Consent is key
Never in a trade show dedicated to payments, like Money20/20 Europe, has there been so many ID specialists!
At a time when we are setting up future digital ID systems, especially when the EU is in the process of designing its European Digital Wallet, there is a lot of discussions on the junction between physical and digital ID. The European project is built on good intentions: give back to citizens control of each piece of their ID, not only their name, date of birth, etc.… but also of each of their attributes, such as vaccination certificates, degrees, driving license details, etc.… There was a consensus between different major players in the industry in a conference earlier today at Money20/20 Europe that the citizen / user / ID owner should remain in control. But consent is sometimes hard to define, in many situations we are ready to give away our privacy to get the services we want. For instance, when we need to find our way, we’re ready to give navigation systems access to any information they request. Also, if an insurance company gives its subscribers a discount against a disclosure of private information, many of us will be ready to give our consent.
There’s a time when we are all ready to give access to our ID: when we open a bank account, subscribe to a service, etc. The is the KYC step in an enrollment process. For the time being, before the inception of digital IDs, classical, physical IDs are used, read remotely and verified to complete a KYC step. While the sector was already active a couple years ago, the Covid crisis has made it boom, as more enrolments had to be completed remotely.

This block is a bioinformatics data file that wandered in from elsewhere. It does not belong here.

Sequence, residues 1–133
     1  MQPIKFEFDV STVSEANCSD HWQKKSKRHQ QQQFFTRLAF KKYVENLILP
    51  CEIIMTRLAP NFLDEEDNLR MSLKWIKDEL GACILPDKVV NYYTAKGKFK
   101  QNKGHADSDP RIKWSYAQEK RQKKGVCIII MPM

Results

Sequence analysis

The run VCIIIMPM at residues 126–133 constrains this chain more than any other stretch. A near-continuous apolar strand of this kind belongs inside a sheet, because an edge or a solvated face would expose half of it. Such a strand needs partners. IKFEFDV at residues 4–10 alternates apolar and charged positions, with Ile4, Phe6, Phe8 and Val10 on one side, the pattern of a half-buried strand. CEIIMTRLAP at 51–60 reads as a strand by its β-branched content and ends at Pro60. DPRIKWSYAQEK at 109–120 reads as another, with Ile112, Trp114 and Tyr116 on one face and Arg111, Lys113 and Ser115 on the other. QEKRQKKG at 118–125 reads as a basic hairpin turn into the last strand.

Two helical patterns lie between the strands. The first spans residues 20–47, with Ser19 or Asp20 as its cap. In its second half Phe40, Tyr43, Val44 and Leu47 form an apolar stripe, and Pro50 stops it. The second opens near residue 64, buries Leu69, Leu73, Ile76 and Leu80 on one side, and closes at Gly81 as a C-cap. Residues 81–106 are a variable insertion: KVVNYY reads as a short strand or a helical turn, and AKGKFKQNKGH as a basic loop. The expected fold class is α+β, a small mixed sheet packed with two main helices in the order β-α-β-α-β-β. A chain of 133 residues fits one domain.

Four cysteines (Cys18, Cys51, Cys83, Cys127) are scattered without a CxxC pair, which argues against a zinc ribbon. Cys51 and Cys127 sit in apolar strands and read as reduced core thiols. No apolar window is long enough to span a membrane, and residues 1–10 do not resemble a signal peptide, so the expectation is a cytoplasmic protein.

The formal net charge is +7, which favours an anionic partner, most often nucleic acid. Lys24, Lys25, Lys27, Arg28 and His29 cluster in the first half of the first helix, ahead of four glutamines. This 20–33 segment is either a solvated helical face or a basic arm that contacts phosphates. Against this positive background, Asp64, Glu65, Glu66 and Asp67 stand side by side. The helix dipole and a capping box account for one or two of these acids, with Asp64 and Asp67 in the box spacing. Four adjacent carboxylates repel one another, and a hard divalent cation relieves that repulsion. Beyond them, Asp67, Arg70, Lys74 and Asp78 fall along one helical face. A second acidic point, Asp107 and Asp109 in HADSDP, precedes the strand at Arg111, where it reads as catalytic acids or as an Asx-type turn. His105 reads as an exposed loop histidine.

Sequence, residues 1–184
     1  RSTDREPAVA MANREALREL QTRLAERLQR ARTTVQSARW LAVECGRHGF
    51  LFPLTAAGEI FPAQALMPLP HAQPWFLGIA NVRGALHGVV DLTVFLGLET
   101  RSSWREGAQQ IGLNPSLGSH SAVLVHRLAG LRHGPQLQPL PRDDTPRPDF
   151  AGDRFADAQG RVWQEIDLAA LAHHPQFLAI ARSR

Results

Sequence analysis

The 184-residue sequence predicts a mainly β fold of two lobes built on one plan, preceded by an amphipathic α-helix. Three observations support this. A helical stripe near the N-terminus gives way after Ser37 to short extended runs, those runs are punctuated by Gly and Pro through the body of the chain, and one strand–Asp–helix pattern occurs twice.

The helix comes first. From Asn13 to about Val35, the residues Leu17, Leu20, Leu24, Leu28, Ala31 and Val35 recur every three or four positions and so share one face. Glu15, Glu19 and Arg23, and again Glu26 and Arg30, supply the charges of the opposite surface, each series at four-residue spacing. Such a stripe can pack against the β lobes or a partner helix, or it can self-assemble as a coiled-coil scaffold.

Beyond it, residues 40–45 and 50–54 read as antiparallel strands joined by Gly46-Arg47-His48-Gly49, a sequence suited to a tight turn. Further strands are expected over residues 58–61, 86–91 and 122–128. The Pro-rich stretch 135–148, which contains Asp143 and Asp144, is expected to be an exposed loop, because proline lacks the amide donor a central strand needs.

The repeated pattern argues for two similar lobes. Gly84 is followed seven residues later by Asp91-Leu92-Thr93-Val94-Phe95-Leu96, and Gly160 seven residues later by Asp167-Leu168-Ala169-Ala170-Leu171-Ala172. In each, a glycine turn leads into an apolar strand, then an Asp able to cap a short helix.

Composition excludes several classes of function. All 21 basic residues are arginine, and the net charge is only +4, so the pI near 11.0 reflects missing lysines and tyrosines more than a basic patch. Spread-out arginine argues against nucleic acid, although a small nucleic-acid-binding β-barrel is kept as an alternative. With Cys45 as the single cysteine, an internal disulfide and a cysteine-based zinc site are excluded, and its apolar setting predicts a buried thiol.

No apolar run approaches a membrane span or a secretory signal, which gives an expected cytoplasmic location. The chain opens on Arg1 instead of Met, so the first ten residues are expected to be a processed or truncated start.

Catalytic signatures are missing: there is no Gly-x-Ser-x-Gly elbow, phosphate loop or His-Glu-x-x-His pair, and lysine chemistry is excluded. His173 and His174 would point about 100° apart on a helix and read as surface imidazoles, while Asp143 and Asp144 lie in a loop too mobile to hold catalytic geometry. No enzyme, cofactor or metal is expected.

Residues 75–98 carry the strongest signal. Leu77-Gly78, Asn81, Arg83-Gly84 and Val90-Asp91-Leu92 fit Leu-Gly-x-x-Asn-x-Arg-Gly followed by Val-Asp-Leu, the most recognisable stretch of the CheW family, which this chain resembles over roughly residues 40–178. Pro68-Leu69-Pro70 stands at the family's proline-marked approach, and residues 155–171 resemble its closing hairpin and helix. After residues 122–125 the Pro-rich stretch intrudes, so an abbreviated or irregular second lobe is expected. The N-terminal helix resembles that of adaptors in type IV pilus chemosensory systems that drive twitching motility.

Money20/20 Europe sees a record participation of leading players in the ID field: IDNow, Regula, AriadNext, SK ID Solutions, Innovalor ReadID, OCR Labs, GetID, …. They all bring solutions to financial institutions to ensure a presented ID document is not forged and that the person presenting the ID document is its legitimate owner. Interestingly, no single solution has emerged yet in the ID document reading industry. Some players believe in reading physically a document, or a passport data page, while other will only read the NFC data in the document. Of course, all of them will match the data they get with a selfie of the person who is registering and perform liveness detections controls.
What is probably new, is the fact that banks understand not only that providing identity is not part of their role but controlling government-issued identity is far from their core expertise, leading them to rely on recognized specialists.
The hinge between ID and financial services is probably one of the most interesting aspects of the secure transactions industry now.